It is an amazing list, and already I am ready to explore the sites on the two sites.

Let’s ride, take time to notice what comes alive because we are attentive to it.  As Kurt Vonnegut says, the most daring thing is to create stable communities in which the terrible disease of loneliness can be cured.  Public Art is part of such a community.

Sites visited:

1.  “The Liberty Pole”  East Avenue to Main & Franklin Streets.
Dated:  1965.  Designed by architect James Johnson.  Material: Stainless steel
Rochester has had Liberty Poles at the same site since 1830, with as many as ten in various  other locations in the 1840s. They were often hickory or ash poles erected by political  clubs as symbols of strength to celebrate political or military victories. 
Mr. Johnson also designed the Mushroom House in Pittsford.

2.  “Main Street Bridge Railings”   Dated:  1989   by Albert Paley
Material:  Fabricated and forged steel
"Bausch & Lomb Corporation commissioned Albert Paley to provide the Main Street Bridge Railings ‘to make this important artist's work accessible to Rochester residents and city visitors, and to enhance the visual appeal of the refurbished Main Street area.’ “
Mercury can be seen in the distance on top of the Aqueduct Building.

3.  “Twist”   (1972 – 73)  by Wendell Castle 
Material:  Fiberglass; located by Radisson Riverside Hotel Driveway

4.  "Rochester Project"  by Richard Fleischner
Date:  1986   Material:  Enameled Steel
“The Rochester Project was installed as part of the Rochester Sesquicentennial.
  Public art isn't a hero on a horse anymore. For artists uncomfortable with the concept of  
  the artist as a loner making masterpieces from precious materials for wealthy  
  connoisseurs, collaborative projects involving architects, artisans, and contractors,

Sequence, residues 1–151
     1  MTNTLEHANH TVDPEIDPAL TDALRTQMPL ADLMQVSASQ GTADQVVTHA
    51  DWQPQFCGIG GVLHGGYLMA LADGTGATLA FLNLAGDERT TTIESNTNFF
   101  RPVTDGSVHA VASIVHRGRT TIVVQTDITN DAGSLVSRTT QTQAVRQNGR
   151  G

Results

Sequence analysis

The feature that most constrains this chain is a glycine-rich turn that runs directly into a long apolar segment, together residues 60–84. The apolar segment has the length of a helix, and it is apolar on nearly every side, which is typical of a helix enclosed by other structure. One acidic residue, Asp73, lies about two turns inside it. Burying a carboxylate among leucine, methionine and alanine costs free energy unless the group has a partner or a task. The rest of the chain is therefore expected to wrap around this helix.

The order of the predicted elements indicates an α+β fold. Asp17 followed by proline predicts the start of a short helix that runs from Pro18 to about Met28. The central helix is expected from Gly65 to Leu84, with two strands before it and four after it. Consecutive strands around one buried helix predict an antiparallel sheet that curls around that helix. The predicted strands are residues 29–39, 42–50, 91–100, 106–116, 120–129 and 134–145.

working with the environment represents the attitudes of a new generation. Fleischner 
   uses the specifics of the site, spatial relationships, and perception as components of his 

5.  “Equilateral Six”  by Duayne Hatchett 
       Dated:  1975.  Material:  Painted fabricated aluminum
    "Six equal planes formed and positioned in space change relationships according to the 
     observers movement, just as each person's experience in life mirrors their individual 

6.  “Trust and Security” Times Square Building (on Exchange Street); The Gannett Building has more bas-relief sculptures.   Dated:  1939   by Jesse Corbin   -  3:00         Material:  Carved Stone
The building is 260 feet tall, completed in 1930, In addition to the relief sculptures, "Wings of Progress" is located on top of the building.  The winged Times Square Building is a dramatic example of Art Deco architecture and a  
monument to progress. It has been a major city landmark since the Genesee Valley Trust 
Company completed its construction in 1930. The cornerstone of the building, ironically, 
was laid on October 29, 1929, the day the stock market crashed.

7.  “Rundell Library Relief”   
 Dated:  1936   Material:  Carved Stone
 The façade of the Rundel Memorial Library features Art Deco details and bas-relief 
 sculptures, by Ulysses Ricci of New York City, 1936. The man and woman touching the child between them synbolizes the continuity of life. The man holds a scroll and book 
symbolizing philosophy and biography. The woman carries a sword and two tablets of law symbolizing history and religion. The rays of light and festoons represent light and glory.

8.  “Genesee Passage”  by Albert Paley.   At  front of Bausch & Lomb
 Dated:  1996 
 "Genesee Passage is Albert Paley's largest sculpture to date. It is composed of abstract forms symbolizing the growth of Bausch & Lomb as a major international corporation along the banks of the Genesee River."